Monday, September 1, 2014

I Fondue, Do You?

Ok, I understand there may be a few fondue haters out there. They're just jealous that fondue is no longer retro. In fact, it's coming back to mainstream entertaining in a big way. Also, fondue is really fun. (Well, I consider eating food smothered in cheese on a stick fun.) My decision to make fondue came the other night rather hastily. Basically, I wanted cheese for dinner. Not cheeseburgers or even a grilled cheese, just plain cheese. I knew there was a wedge of Gruyere in the fridge and I thought about plopping down on my couch with that whole hunk of cheese, calling it a meal and  watching (yet another) episode of Discovery Channel's "Naked and Afraid". But then I realized I have a husband and a kid who wouldn't let that pass for dinner. Also, plopping down on the couch and relaxing at all is something dreams are made of these days. Instantly I thought of loophole where cheese could be the main event in our meal, FONDUE! It usually makes an appearance in the winter months, when its chilly out and you want to cozy up next to a pot of melty stuff. But when you have a craving who gives a crap what month it is. Also, I happened to have an abundance of delicious summer strawberries, so pairing them with chocolate fondue for dessert seemed perfect. Next thing I knew, I was scouring my kitchen in search of any accoutrement for my cheese and chocolate fondue. I had a baguette, some grapes and red potatoes. I mean, you could pretty much dip anything in cheese and chocolate, they are just vessels anyway. With better planning, I would have stocked up on apples, cornichons and some pound cake (for the chocolate fondue), as well.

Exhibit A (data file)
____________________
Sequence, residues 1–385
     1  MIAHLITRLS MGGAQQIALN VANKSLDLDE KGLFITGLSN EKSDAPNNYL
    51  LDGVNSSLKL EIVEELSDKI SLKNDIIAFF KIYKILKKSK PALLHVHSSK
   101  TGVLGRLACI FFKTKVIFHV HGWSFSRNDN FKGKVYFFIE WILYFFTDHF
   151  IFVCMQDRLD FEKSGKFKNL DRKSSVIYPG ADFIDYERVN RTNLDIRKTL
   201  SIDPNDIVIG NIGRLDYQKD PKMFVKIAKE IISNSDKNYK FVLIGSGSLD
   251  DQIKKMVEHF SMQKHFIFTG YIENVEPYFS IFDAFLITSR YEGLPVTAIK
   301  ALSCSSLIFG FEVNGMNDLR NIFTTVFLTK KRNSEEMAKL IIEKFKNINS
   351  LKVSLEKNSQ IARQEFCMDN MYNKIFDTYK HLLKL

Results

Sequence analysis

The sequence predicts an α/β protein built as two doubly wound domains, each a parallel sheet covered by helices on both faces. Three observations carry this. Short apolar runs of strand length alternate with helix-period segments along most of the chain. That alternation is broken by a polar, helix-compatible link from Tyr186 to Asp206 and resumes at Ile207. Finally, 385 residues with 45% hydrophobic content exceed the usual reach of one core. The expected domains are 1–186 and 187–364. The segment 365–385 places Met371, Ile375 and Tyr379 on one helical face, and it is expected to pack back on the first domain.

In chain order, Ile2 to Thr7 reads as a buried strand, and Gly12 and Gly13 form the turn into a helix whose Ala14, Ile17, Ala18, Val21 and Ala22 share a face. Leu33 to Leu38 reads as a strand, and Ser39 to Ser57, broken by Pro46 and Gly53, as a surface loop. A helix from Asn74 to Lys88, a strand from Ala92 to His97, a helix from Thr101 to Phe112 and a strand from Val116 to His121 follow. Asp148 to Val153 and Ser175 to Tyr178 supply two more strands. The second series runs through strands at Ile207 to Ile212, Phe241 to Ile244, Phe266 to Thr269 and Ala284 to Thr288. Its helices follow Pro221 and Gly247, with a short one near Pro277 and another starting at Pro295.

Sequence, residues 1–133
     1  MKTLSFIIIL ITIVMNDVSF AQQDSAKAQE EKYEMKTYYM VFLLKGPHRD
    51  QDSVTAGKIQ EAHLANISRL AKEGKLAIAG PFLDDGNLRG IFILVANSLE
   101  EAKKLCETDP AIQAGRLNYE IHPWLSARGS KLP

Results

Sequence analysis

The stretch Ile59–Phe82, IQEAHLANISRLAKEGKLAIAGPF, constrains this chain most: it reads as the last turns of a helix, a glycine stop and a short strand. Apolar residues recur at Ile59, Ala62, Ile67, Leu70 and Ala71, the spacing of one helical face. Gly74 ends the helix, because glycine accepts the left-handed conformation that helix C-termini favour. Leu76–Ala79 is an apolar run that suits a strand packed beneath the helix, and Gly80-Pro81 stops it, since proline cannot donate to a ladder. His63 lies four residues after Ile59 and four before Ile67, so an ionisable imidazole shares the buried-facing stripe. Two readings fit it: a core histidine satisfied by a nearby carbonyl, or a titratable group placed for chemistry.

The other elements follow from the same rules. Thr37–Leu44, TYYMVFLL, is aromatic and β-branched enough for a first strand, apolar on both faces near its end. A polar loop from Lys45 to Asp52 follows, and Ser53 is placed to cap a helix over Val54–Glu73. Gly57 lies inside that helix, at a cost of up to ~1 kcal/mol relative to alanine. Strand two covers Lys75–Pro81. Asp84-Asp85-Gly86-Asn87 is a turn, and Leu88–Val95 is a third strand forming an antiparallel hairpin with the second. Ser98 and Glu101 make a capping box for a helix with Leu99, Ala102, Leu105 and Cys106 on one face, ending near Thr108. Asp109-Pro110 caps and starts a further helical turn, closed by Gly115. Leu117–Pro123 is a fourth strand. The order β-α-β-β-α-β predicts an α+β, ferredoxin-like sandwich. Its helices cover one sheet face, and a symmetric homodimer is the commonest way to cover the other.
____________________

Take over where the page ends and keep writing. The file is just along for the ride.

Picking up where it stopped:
I didn't have a traditional fondue pot, but it didn't matter–I ate all the stuff before it got cold, anyway. The skewers I used are the cheap wooden ones you can find at any supermarket. I gussied them up a bit by dipping the ends in some craft paint. It took about 5 minutes and makes them adorable and colorful. If you really get into it, you could color code the skewers for each dinner guest.

Cheese Fondue

1/2 lb. Gruyere cheese, shredded or cut into small cubes
1 tablespoon flour
3/4 cup dry white wine
pepper to taste
pinch of nutmeg (optional)

4 red potatoes
  olive oil
  salt and pepper
  oregano or rosemary
Bread, such as a baguette or pumpernickel, cut into 1" cubes
Sliced apples
Blanched Vegetables, like broccoli or carrots

Preheat the oven to 350 degrees and bring a pot filled with water to a boil. Wash and cut the potatoes into 1" cubes, then boil until tender and a fork can poke through them. Strain, then spread out on a baking sheet. Coat with olive oil, salt and pepper and the oregano or rosemary. Bake until edges are crispy, about 15 minutes. Set aside to cool.

While the potatoes are in the oven, make the cheese fondue. Cook the wine over medium heat, bringing it to a low simmer. In a small bowl, mix the cheese with the flour, tossing it to coat. Gradually stir the cheese into the simmering wine. Melt the cheese slowly for a smooth fondue. Otherwise you'll have a stringy mess. Once all the cheese is melted, stir in pepper or a pinch of nutmeg. Transfer to a bowl and serve with dippers.

Chocolate Fondue
8 oz. dark chocolate, chopped into small pieces
1/2 cup heavy cream
1/2 teaspoon instant espresso powder

Strawberries, washed and hulled
Sliced apples
Pound cake, cut into 1" cubes

Place the chocolate into a heat safe bowl and set aside. Heat the heavy cream in a microwave safe liquid measuring cup for 45 seconds, then pour over the chocolate. Let stand for a few minutes, then stir until all the chocolate is melted and smooth. Stir in the instant espresso power, then transfer to a bowl and serve with dippers.

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